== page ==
Contentment in a Driven World

Contentment in a Driven World

In a culture that emphasizes achievement and success, seeking the approval of others can be an endless and exhausting pursuit. Erin Fonner reflects on how true contentment and fulfillment come from being connected to the source of life.

Questions for Discussion and Personal Reflection

  1. Can you relate to Erin's self-identification as an "achiever"?
  2. Do you ever feel that you need to do something of value to be a person of value?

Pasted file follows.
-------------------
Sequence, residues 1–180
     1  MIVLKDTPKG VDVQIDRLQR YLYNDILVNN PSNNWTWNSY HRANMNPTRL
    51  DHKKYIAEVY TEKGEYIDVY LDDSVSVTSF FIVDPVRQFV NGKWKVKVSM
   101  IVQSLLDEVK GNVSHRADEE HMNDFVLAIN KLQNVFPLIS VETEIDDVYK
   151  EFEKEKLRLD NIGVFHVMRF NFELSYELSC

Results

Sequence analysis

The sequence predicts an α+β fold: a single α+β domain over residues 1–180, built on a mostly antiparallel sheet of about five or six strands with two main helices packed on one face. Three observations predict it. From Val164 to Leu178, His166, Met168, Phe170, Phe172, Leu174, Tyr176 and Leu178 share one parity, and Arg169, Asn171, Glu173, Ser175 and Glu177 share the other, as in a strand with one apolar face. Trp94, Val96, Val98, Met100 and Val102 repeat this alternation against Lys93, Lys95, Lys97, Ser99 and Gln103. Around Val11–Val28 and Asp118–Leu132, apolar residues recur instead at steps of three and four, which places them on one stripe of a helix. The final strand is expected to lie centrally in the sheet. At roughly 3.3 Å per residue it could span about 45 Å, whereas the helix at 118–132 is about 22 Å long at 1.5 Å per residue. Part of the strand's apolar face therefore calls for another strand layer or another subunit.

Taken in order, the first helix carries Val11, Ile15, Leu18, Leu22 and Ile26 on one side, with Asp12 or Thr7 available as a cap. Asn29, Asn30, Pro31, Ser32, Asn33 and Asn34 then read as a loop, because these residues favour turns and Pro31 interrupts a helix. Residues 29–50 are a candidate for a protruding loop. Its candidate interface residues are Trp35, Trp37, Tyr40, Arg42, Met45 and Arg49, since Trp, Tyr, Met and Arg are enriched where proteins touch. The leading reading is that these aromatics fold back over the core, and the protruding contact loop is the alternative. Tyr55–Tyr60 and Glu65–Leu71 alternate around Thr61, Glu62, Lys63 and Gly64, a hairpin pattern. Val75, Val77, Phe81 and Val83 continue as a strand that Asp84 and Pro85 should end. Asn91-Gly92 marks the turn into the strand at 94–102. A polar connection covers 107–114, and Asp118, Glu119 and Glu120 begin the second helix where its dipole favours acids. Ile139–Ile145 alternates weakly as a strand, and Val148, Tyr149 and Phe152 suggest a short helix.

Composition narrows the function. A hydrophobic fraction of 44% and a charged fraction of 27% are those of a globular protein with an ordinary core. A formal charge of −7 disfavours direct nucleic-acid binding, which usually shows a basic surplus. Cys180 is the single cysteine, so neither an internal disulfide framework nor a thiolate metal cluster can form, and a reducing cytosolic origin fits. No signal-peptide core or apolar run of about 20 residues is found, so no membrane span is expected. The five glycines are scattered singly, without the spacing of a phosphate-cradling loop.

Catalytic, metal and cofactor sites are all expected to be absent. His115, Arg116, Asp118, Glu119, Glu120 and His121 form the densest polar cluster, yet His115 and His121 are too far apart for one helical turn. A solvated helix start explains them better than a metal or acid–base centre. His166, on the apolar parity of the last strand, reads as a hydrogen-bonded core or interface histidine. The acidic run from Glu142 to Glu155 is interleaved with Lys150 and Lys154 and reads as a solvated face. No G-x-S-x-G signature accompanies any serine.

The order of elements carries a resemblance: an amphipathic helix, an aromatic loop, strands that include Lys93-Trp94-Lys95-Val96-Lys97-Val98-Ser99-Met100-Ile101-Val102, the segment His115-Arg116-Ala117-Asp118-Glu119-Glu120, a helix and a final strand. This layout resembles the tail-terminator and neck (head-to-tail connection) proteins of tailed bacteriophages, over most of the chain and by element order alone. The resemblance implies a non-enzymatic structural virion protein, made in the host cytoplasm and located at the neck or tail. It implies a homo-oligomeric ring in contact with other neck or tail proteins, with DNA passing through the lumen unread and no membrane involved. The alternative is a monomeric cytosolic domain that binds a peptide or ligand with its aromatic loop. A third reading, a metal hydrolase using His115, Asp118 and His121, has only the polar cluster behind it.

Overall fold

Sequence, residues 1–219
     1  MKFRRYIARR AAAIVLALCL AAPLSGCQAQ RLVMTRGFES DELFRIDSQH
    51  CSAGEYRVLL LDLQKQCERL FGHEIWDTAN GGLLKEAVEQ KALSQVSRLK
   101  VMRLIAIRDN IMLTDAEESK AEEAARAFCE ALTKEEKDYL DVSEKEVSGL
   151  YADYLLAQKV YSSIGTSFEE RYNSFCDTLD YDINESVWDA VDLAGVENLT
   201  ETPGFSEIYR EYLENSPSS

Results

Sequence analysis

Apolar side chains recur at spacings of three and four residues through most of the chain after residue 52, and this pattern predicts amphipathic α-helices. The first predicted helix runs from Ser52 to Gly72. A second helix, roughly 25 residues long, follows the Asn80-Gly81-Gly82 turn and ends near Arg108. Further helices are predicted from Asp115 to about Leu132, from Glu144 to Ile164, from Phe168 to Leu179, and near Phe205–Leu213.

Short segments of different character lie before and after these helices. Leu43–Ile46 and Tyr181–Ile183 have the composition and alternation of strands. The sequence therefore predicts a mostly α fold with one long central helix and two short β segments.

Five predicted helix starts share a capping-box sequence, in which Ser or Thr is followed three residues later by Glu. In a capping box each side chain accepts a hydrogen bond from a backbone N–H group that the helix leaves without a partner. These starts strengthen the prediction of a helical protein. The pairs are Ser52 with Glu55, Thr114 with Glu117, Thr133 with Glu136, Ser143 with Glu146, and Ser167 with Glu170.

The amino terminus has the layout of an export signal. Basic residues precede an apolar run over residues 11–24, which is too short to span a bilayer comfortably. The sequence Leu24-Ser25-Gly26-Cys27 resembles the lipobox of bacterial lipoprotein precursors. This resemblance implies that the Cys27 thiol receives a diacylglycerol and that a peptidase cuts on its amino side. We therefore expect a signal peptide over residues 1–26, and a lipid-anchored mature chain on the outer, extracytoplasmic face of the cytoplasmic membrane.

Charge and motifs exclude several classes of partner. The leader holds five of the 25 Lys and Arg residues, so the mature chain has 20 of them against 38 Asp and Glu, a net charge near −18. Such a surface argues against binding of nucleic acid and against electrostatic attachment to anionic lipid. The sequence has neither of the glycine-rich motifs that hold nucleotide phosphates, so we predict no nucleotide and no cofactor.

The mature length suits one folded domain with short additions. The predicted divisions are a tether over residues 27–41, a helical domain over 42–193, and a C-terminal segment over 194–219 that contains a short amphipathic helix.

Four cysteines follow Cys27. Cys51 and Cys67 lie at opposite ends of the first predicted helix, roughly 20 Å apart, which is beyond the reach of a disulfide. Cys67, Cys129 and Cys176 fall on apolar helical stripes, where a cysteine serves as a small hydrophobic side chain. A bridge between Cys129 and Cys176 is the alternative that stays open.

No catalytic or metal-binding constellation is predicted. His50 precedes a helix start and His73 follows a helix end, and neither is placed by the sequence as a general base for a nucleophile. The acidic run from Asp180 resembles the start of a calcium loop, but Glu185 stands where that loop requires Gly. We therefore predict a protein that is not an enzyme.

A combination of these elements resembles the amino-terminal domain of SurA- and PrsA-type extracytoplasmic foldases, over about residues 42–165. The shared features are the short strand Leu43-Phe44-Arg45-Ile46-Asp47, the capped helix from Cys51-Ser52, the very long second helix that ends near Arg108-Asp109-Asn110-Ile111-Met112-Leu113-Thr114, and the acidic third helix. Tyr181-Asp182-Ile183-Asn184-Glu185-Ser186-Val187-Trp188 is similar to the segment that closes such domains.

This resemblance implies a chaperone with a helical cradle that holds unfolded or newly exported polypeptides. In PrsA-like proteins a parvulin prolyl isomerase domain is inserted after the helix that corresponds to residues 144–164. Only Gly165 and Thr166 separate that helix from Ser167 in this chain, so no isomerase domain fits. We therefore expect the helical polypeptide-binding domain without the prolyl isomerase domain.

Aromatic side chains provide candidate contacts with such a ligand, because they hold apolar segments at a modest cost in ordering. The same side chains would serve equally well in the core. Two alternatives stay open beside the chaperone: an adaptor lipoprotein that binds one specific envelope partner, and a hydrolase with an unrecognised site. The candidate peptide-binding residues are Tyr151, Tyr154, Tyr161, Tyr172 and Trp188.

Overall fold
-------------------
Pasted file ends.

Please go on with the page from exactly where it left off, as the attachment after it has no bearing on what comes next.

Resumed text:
So my whole life, I've been an achiever, and I don't really know, uh, exactly why, but somewhere along the line, I picked up on this message. I, I bought into this, this message— I guess maybe from my culture— that if you achieve certain things, then life will be good. And so I honestly had this sense that I had to do something of value in order to be someone of value. It just seems like if you ever think that purpose is a destination, you're gonna end up with a mid-life crisis because you never get there. At least that's been my experience and, and I've seen other people go through that— that that lifestyle is just exhausting. It's just exhausting, and you just work and you work and you work and you work and you work, and your whole joy is wrapped up in what others say about you. The Bible says a lot about, um, purpose, and, and a, a lot of that is found in, in Jesus and in a relationship with God. You know, the first and greatest commandment is to love the Lord your God with all your heart and soul and mind and strength, and love your neighbor as yourself. For me, that's my purpose, but I can't just do that on my own, like, I have to be connected to the source. Like, Jesus talks about— he uses the analogy of a vine and branches, and he says, "apart from me, you can do nothing. If you are a branch broken off from the vine, if you're broken off from the source, you wither away. You have to be connected." And for me, my purpose is found in that connection. My purpose is, is in this very moment being connected to the source— to the source of life. Because if I try to go off and achieve, to fill up my little, you know, insecurities in some wonderful accolades or some wonderful compliments that I get from somebody I mean, that— that's, that's stupid. That's a waste of time. But if I can stay connected to the source of life and just make myself available to be used, to— the, the scriptures say to, to be streams of living water flowing through me. That's beautiful. That's, that's my purpose.